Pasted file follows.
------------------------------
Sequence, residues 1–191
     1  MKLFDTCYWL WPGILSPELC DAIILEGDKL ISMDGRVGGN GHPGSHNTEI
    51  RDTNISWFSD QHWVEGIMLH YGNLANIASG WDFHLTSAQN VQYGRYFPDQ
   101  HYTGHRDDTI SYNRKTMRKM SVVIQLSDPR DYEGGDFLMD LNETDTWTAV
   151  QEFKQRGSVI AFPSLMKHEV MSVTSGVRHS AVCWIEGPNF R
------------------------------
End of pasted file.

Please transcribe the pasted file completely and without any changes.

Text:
Sequence, residues 1–191
     1  MKLFDTCYWL WPGILSPELC DAIILEGDKL ISMDGRVGGN GHPGSHNTEI
    51  RDTNISWFSD QHWVEGIMLH YGNLANIASG WDFHLTSAQN VQYGRYFPDQ
   101  HYTGHRDDTI SYNRKTMRKM SVVIQLSDPR DYEGGDFLMD LNETDTWTAV
   151  QEFKQRGSVI AFPSLMKHEV MSVTSGVRHS AVCWIEGPNF R